negative impact on the environment. For this reason, the DEA is giving the
public an opportunity to dispose of unwanted and/or expired prescription drugs.
This is a FREE and anonymous service—take medications back, no questions
Unfortunately, there are a lot of harmful myths
floating around regarding medication disposal. Many people will try to flush
their medications down the toilet or crush their medicines before throwing them
in the trash. Flushing can end up polluting our waters and crushing medicines
can put trash handlers at risk of exposure if the drug were to encounter their
skin or if they were to breathe in the dust. Medicine take back programs are
the best way to dispose of unwanted medicine.
How can Tria Health Help?
As a member of Tria Health, if you have multiple
medications and are afraid you’ll throw away the wrong medication, we can
provide additional assistance in selecting the proper medications. Tria
provides one-on-one consultations with a clinical pharmacist who assists you
with your medication management.
The sun is shining, the birds are chirping but unfortunately a lot of homes are still covered with the dust and clutter from winter. Spring cleaning is a tradition that allows us to freshen up our homes and get prepped for spring and summer fun! While you’re spring cleaning this year, be sure to take the time to go through your medicine cabinet and remove any unnecessary or expired medications.
You Look For?
Check Expiration Dates: Taking a
medication that is slightly expired is unlikely to cause harm, but it is
possible that it may not work as well. In general, it is best to acquire a new
prescription if your medication is expired. In addition, if the appearance of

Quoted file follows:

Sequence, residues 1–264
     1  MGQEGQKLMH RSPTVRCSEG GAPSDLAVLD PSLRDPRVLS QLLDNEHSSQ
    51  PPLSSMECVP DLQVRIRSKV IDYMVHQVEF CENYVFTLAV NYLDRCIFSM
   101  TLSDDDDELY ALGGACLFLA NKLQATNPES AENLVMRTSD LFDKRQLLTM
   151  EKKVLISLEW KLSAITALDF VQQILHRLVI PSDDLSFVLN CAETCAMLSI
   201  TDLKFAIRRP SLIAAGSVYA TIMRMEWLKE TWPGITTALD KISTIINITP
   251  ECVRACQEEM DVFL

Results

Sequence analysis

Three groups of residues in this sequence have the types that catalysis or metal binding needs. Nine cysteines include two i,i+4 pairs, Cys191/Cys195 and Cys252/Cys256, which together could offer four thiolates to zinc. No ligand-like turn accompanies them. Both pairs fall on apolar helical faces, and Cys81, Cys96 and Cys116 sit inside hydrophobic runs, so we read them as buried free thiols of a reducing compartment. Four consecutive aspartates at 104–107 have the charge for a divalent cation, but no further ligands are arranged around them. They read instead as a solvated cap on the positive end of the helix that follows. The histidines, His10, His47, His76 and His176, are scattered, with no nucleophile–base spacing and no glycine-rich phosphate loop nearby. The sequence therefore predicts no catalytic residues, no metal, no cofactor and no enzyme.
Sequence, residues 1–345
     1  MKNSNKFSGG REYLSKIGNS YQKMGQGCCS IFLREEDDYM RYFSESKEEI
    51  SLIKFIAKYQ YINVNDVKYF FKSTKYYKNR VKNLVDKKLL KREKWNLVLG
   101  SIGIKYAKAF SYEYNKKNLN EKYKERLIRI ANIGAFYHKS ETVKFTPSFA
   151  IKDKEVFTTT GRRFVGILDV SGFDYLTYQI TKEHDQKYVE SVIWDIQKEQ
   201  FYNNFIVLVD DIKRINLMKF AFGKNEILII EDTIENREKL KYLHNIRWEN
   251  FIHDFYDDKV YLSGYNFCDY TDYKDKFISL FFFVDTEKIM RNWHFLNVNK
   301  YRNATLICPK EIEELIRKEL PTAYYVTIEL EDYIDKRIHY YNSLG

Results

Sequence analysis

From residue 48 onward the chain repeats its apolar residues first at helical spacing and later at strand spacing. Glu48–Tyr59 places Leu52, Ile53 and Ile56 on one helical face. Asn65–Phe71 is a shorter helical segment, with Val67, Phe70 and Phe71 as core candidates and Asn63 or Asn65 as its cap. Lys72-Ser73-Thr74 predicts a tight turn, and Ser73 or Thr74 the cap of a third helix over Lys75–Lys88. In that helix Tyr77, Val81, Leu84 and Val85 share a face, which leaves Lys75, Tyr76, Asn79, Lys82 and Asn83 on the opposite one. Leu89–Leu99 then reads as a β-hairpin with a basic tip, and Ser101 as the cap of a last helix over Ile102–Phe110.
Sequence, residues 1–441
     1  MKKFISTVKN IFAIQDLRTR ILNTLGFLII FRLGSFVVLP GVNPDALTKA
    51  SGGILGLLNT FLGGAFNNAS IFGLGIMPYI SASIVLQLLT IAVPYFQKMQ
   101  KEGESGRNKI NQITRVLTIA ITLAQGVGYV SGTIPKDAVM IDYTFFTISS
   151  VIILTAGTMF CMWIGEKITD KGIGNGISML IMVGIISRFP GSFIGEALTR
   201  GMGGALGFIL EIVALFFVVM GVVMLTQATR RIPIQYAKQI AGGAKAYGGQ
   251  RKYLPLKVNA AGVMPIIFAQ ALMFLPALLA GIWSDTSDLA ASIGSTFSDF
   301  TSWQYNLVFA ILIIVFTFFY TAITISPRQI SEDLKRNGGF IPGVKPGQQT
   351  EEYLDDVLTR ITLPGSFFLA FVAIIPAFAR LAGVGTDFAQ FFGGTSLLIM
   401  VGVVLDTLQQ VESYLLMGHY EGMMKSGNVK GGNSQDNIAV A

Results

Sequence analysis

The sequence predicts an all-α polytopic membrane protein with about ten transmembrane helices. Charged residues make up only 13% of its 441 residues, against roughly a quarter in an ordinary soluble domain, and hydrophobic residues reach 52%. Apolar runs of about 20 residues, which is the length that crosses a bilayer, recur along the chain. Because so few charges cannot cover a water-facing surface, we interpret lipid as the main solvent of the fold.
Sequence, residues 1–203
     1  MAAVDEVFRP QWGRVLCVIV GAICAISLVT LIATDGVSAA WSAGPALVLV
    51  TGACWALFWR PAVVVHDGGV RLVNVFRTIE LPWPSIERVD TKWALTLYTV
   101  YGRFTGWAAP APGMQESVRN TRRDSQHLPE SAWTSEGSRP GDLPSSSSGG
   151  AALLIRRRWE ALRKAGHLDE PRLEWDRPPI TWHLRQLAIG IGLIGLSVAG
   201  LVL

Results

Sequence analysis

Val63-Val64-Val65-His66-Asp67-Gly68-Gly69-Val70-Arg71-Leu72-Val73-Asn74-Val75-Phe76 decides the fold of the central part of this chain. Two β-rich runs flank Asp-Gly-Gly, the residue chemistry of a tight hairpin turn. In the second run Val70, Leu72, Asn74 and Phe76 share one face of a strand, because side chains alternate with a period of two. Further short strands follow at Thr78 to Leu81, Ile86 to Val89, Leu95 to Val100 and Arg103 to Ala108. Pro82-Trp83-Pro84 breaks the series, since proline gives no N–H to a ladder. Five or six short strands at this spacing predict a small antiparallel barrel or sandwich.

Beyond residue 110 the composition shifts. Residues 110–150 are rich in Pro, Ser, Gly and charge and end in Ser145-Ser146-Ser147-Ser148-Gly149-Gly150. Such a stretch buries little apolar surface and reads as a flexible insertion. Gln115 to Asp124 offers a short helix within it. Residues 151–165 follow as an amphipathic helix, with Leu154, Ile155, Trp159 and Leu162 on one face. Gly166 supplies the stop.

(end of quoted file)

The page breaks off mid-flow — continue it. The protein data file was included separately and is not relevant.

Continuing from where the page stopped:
the medication has changed this may be an indication of an expired product. If
you have an injectable solution or oral suspension that has changed colors or
consistency this might indicate a new prescription is needed.
Find Leftover Prescriptions: Leftover
antibiotics and other prescription medications from a previous condition should
be discarded. You should never attempt to treat yourself or anyone else with a
prescription medicine. Although your symptoms might seem similar to an illness
you had before, the cause could be different, or the medicine may not be the
right one to use this time around.1
Dispose of Medications
Many people will try to flush their medications
down the toilet or crush their medicines before throwing them in the trash to
try and be safe. However, this can be dangerous. Flushing can end up polluting
our waters and crushing medicines can put trash handlers at risk of exposure if
the drug were to encounter their skin or if they were to breathe in the dust.
Medicine take back programs are the best way to dispose of unwanted medicine. Click
here to locate a year-round authorized collector in your area.
How can Tria Health Help?
As a member of Tria Health, if you have questions
about whether or not you should dispose of your existing medications, call us
and one of our pharmacists can give you the professional guidance you need. in
addition, if you take multiple medications or have a chronic condition, Tria
provides one-on-one consultations with a clinical pharmacist who can assist you
with your medication management.